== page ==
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Spaghetti with burrata, parmigiano, and butter

Yesterday was one of those perfect New York spring days, where the entire city seems to come out of hibernation: flowers peek out from buds, and buds from branches; whole families take to the parks and streets to stretch their legs, stripping off layers as they walk; even the air feels like it’s testing out new wings, first with cool breezes, then easing into a still warmth that flushes your skin.

I spent most of the day basking in the sun on my friend’s rooftop, sipping sweet hibiscus tea over ice; it was glorious.

By the early evening, when I returned home, I wanted nothing more than to collapse onto my couch, contentedly worn out from doing absolutely zilch. Zero.¬†Nada. Yet, somehow, I threw together a few ingredients I had on hand and made what is now, quite possibly, my new favourite ‘school night’ meal. Simple, easy, and restorative — just like spring.

Spaghetti with burrata, parmiagiano, and butter
Serves 4

This is a one-pot-wonder that you may customize this any way you please. I tossed in some broccoli florets, spinach, and a couple of canned roma tomatoes, roughly chopped, just to get some veggies in there — but the beauty of this meal is that you can add just about anything you’d like. Feel free to experiment with pastas and cheeses, too. Next time, I think I’ll try orecchiette and pecorino.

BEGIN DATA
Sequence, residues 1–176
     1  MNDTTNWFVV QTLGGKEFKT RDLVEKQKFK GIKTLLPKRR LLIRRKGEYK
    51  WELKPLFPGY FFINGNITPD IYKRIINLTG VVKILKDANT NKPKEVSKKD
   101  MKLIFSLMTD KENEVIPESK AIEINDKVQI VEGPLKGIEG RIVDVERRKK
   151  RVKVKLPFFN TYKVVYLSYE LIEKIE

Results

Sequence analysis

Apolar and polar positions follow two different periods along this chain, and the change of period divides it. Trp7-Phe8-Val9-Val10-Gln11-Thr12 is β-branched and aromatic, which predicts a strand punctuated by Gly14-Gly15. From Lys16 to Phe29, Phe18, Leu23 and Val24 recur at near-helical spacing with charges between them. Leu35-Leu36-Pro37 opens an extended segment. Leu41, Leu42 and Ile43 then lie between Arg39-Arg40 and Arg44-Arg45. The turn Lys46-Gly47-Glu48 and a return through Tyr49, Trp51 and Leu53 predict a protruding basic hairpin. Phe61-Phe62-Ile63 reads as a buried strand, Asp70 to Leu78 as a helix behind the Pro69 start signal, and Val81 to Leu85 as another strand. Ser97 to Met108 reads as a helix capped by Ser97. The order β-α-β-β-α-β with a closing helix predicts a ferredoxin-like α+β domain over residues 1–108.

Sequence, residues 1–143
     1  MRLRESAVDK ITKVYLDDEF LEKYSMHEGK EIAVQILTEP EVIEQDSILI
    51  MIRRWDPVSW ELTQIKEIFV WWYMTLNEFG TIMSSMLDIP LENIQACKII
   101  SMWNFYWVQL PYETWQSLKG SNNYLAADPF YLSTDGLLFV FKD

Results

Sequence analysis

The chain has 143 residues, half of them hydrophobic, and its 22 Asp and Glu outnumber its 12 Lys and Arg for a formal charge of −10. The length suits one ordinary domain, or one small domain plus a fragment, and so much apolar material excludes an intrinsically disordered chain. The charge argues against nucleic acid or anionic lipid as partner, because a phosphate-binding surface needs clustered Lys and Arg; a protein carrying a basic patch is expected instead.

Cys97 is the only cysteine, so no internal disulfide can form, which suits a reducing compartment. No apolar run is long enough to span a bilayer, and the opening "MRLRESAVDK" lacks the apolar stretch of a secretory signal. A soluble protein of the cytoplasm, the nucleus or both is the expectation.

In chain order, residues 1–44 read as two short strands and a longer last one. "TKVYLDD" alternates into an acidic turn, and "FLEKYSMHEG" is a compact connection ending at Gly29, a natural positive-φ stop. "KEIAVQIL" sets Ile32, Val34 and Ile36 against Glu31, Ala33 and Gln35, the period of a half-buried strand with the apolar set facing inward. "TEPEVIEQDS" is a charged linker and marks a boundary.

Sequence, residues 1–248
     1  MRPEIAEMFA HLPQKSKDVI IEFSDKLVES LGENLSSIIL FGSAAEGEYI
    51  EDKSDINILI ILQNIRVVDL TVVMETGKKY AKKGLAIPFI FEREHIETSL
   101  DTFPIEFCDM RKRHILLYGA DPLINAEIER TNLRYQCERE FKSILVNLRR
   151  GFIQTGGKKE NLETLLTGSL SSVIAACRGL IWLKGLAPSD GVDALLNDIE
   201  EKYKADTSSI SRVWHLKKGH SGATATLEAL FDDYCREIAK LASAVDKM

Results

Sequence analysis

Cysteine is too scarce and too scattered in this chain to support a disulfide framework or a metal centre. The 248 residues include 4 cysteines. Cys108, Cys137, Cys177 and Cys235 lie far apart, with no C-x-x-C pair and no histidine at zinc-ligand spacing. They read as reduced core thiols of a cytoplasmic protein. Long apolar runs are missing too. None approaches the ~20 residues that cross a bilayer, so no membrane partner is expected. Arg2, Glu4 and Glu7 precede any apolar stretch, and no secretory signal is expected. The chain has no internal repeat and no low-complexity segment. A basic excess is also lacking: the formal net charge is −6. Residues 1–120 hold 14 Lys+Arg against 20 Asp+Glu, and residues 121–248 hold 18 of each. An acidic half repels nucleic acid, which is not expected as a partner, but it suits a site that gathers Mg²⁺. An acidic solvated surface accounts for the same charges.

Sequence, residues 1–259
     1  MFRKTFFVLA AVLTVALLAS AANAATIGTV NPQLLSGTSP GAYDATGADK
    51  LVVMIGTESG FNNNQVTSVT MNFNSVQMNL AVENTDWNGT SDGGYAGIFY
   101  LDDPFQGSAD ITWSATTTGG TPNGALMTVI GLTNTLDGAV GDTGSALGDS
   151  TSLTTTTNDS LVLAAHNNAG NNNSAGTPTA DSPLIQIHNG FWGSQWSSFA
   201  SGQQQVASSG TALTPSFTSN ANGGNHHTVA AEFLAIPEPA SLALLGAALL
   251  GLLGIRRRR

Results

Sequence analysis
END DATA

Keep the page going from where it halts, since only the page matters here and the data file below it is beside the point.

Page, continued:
Ingredients:
3/4 pound of spaghetti, or other dried pasta
1/2 pound burrata cheese, halved, creamy filling scooped out (reserve the firmer exterior for another use)
1/4 cup finely grated Parmigiano-Reggiano cheese
2 tablespoons unsalted butter
2 teaspoons of fresh, coarsely ground pepper
2 cups broccoli florets (optional)
2 cups baby spinach (optional)
10 oz canned roma tomatoes, roughly chopped or diced (optional)
salt to taste
zest of one lemon

Directions:
Cook spaghetti in lightly salted water until just tender, but firm to bite (al dente). I threw in the broccoli with the pasta during the last two minutes of boiling time, and the spinach in the last 30 seconds — no sense using a whole new pot. Drain, reserving 1/2 cup of liquid. Drop the butter, cheeses, and pepper into the pasta, tossing until well combined. Add reserve liquid if dry. Salt to taste.¬†Spoon the spaghetti into bowls. Dot the pasta with the creamy burrata filling. Garnish with lemon zest.

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